12 Months of WWRP: Critical Habitat

April 6, 2020

Here at the Coalition, we’ve been encouraging folks to #stayhomestayhealthy, and we’re bringing nature to you! This month, we’re taking you west of Yakima to this month’s featured WWRP project, Cowiche Watershed 2018. Read on to learn more about the project and watch a video that transports you to this beautiful wildlife habitat area. 

The Cowiche project received funding from the Critical Habitat category of the WWRP, April’s featured WWRP category. Critical Habitat projects protect the rich and diverse habitats of our forests, prairies, and wetlands. These funds help preserve our state’s most biodiverse lands and protect species that are popular for hunting, birding, and other outdoor recreation, and are critical for the health of our salmon and fish populations.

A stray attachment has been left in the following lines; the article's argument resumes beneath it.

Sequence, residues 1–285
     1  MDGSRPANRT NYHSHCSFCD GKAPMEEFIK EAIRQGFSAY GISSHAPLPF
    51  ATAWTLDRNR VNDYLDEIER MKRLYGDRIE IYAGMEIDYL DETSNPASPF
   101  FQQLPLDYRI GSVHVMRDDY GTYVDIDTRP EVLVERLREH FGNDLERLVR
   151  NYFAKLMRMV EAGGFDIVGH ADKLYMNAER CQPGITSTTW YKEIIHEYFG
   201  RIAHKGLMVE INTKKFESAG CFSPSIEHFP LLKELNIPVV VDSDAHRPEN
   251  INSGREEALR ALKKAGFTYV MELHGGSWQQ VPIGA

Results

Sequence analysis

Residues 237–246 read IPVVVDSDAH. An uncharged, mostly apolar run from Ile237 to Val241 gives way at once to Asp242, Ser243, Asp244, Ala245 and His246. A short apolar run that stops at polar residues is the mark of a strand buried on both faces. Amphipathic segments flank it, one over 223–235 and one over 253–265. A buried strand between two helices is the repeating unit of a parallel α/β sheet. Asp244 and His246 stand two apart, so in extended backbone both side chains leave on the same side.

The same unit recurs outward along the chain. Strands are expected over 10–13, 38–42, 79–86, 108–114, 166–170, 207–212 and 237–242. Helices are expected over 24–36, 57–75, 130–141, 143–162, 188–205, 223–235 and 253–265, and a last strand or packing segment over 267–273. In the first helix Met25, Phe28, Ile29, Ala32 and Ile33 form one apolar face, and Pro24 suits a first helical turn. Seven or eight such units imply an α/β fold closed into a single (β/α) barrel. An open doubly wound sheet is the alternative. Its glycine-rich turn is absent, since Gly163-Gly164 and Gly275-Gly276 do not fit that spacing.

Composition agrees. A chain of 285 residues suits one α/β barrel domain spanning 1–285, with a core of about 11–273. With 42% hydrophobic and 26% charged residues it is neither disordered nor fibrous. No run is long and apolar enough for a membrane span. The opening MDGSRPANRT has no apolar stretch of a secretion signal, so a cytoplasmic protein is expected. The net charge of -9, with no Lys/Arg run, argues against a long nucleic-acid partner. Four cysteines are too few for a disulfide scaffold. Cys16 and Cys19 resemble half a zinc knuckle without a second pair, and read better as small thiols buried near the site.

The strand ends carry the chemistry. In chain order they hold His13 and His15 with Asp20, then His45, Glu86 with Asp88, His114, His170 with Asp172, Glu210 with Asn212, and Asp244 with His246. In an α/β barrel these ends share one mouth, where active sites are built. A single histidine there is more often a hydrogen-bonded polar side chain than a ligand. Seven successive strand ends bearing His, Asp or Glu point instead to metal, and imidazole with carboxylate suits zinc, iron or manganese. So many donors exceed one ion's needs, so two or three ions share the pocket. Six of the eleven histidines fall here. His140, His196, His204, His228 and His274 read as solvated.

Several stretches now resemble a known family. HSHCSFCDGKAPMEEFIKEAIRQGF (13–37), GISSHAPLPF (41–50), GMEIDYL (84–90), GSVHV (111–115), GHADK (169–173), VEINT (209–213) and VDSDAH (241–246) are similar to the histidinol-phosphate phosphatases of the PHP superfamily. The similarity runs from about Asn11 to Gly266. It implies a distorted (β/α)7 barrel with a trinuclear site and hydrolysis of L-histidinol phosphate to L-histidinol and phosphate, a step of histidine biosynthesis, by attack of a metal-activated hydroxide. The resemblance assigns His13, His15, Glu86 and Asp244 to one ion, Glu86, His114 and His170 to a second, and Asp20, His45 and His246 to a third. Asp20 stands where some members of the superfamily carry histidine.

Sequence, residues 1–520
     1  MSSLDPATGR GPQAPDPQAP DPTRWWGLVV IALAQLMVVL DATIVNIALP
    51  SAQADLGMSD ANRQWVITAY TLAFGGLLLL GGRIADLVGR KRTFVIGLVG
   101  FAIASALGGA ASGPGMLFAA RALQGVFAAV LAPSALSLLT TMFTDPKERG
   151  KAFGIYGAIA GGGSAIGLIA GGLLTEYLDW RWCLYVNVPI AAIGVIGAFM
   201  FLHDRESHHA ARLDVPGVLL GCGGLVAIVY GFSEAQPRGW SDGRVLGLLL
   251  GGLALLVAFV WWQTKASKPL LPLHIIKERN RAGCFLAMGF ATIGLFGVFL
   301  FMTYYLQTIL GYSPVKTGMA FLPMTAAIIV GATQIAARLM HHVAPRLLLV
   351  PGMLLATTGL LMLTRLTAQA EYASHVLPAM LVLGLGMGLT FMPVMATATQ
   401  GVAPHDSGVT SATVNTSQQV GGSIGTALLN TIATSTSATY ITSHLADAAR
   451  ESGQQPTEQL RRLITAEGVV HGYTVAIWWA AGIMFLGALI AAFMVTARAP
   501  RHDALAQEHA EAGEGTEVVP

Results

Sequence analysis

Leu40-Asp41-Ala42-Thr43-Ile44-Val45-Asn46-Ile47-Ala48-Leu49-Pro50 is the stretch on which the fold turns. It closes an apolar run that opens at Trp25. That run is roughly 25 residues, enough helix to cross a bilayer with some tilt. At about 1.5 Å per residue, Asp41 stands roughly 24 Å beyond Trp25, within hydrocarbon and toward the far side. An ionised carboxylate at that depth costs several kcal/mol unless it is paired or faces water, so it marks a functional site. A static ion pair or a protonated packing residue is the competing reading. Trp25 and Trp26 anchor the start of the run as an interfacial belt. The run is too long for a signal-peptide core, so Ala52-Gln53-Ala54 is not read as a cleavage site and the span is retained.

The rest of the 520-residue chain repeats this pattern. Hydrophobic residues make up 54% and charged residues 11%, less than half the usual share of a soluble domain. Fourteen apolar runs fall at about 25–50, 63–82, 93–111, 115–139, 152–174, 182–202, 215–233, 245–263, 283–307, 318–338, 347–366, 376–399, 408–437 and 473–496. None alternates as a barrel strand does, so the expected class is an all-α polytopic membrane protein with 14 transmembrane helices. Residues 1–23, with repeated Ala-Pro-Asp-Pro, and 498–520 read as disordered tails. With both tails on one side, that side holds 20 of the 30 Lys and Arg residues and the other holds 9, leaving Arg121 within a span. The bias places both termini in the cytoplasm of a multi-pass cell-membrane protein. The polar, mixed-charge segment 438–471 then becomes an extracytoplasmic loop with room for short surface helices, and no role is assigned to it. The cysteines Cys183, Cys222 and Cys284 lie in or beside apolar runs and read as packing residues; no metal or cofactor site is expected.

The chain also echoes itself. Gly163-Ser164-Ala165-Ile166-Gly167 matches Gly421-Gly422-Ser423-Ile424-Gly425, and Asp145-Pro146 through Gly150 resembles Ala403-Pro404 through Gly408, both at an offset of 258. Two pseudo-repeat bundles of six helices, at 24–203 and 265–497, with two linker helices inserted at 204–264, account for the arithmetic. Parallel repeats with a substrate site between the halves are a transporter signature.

The Washington Department of Fish and Wildlife will use this particular grant to acquire approximately 4,480 acres within the Cowiche Watershed. The property includes shrub steppe and oak-ponderosa pine woodland habitat and more than seven miles of riparian habitat along Cowiche Creek. This project provides crucial winter range for deer and elk and offers protection of the migration zone for the largest elk herd in Washington state. It also protects habitat for Mid-Columbia steelhead, threatened western gray squirrel, nearly 70 species of butterflies, and numerous cavity nesting bird species including the Lewis woodpecker. Cowiche Creek is an important spawning and rearing habitat for bull trout, coho, and chinook salmon. 

Recreational opportunities are abundant on the property and include hunting, fishing, wildlife viewing, bird watching, and hiking. Its close proximity to Yakima make it an ideal destination for both locals and visitors. In addition to the WWRP grant, critical funds came from WWRC partners Forterra and the Rocky Mountain Elk Foundation to help make this project possible. 

Here’s a video of the Cowiche area to help you experience the beauty and wildlife of the area, from the comfort of your home. Thanks to the Rocky Mountain Elk Foundation for making this video possible!